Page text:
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How Does My Normal Deductible Compare to the Hurricane Deductible on My Policy?

hurricane deductible

2020 brought some 30 named hurricanes to the Atlantic coastline. 11 of those hurricanes came ashore bringing wind, water, and, of course, destruction. 

For those in the path of a hurricane, it’s not just about surviving the impact of the storm, but also the clean-up and repairs that follow it. 

That means homeowners need to look at their insurance policy and consider the added impact of the hurricane deductible. Are you wondering how hurricane insurance and the deductible that goes with it are different? Do you need special insurance? How do insurance companies cover the damage that comes from a hurricane?

Read on to learn all you need to know about disaster insurance and hurricane deductibles.

How Past Hurricanes Impact Insurance Hurricane Policy

In 1992 Hurricane Andres walloped Florida. Then in 2005, Hurricane Katrina decimated New Orleans and the Louisiana coast. In between that time, there were a number of other significant storms too. Between Andrew and Katrina, there was approximately $66 billion in damages and claims. 

The impact of these two storms was felt by the insurance companies and their reinsurers. They needed to find a way to lower the claims cost that resulted from hurricane damage. 

Because of this, insurers created a new system for calculating hurricane deductibles before insurance can kick in. It’s no longer a set amount, instead, it’s based on the value of the insurance covering the home. 

When Hurricane Deductibles Are Required By Insurers

For most insurance companies, the hurricane deductible goes into effect when there is a storm categorized as a hurricane by the National Weather Service or the US National Hurricane Center. 

The insurance companies use a term called a trigger. More on this term later. Basically, the insurers pre-establish their trigger line that would enact the hurricane deductible. If you live in a hurricane zone, you want to read your policy carefully to know your insurer’s trigger.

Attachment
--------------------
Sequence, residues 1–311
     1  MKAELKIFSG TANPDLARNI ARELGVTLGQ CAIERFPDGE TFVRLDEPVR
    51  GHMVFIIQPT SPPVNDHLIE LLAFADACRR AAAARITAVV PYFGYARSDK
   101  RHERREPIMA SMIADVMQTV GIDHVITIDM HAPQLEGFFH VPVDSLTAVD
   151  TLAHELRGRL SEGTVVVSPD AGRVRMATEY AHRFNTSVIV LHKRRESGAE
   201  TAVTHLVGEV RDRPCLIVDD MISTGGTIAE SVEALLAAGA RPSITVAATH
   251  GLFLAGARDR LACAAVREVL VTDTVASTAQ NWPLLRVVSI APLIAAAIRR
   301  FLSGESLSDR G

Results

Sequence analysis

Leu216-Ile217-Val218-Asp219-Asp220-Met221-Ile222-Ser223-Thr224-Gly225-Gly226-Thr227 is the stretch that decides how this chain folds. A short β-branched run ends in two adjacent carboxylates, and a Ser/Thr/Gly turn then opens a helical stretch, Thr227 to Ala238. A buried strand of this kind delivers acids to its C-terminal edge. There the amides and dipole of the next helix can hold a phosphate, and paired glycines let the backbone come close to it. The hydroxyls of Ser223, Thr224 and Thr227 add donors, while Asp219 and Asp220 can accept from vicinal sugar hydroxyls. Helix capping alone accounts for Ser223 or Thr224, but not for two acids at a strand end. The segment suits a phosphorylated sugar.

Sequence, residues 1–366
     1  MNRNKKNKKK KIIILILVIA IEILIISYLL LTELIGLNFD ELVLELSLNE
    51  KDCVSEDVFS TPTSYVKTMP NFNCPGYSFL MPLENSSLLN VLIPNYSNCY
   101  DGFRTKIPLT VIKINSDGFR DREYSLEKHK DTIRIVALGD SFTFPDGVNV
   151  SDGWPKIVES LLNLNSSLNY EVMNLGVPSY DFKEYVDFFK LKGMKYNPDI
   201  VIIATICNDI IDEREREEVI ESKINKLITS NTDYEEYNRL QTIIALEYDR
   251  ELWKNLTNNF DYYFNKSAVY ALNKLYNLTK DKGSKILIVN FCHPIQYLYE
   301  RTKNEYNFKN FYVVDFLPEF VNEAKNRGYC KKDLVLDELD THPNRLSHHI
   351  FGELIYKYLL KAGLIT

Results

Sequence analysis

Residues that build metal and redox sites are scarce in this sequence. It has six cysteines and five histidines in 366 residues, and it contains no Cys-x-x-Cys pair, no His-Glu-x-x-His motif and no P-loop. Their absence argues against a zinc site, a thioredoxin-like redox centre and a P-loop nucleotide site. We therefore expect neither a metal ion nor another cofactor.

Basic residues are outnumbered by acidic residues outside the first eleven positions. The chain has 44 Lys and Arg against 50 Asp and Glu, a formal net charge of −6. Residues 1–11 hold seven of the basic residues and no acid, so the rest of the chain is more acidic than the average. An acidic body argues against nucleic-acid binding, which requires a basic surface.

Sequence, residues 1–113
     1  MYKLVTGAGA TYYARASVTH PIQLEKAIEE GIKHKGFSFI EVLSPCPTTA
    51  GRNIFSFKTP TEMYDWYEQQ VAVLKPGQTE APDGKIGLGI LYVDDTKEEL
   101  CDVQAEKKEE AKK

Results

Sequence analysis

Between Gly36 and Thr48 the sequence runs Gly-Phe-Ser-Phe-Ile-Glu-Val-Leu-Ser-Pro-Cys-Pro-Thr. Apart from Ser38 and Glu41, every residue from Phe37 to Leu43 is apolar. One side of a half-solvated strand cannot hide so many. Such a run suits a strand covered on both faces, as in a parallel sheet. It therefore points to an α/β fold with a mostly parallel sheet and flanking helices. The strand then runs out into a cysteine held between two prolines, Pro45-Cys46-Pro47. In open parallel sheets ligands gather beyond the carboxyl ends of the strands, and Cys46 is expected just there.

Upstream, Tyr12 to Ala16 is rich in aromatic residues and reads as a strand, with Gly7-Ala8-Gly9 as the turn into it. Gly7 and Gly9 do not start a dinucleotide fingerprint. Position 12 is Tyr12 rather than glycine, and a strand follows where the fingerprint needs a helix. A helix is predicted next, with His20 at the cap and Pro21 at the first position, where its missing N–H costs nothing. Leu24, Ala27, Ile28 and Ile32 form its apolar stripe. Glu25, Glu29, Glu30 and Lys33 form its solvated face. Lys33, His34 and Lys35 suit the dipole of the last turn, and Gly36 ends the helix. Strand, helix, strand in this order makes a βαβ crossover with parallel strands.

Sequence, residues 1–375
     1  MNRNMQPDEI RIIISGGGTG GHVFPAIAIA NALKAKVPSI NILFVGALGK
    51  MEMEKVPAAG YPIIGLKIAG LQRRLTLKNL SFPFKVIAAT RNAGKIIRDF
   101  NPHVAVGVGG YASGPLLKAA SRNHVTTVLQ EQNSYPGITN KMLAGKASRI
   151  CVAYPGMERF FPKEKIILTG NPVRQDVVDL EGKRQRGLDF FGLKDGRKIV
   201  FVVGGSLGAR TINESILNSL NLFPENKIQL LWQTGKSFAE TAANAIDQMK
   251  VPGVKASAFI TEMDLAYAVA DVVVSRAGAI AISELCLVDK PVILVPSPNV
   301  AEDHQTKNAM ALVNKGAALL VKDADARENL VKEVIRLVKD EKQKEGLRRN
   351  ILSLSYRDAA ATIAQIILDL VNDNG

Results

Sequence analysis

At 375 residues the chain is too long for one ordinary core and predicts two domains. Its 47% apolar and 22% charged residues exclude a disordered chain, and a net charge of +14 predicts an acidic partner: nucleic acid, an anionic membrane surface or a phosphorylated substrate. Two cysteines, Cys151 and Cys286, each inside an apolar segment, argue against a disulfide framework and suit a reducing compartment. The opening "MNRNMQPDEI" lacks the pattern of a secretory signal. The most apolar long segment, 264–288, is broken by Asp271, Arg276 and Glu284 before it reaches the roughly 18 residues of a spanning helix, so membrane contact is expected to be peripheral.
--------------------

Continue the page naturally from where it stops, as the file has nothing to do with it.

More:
How Insurance Deductibles Work

When you buy a house, you also seek homeowners insurance from your insurance company. In fact, if you have a mortgage, it’s required to have homeowner’s coverage. 

This coverage protects your home from the kinds of damages it might face like fire, storms, vandalism, etc. If your home is damaged in some way, you make a claim to the insurance company. 

The insurance adjuster assesses the damage and the insurance company pays for the damage after you pay your deductible. Your deductible is reestablished in your policy. In fact, you can adjust your deductible amount to help adjust your insurance rates. 

Hurricane deductibles are not reestablished in a policy, so they don’t work the same way they might for other claims. 

What Is a Trigger Event?

Whether you actually pay the hurricane deductible is based on if there is something called a trigger event. Each insurance company defines a trigger event slightly differently, so it’s important to know how your insurer defines it. 

In many cases, the trigger event is if the National Weather Service categorizes a storm as a named hurricane. 

So, your home could experience wind damage from a tropical depression or a bad storm coming off the water. Your regular deductible would apply. If the storm was classified as a trigger event, then the rules for hurricane deductibles would kick in.

How Are Hurricane Insurance Deductibles Different Than Homeowners Deductibles?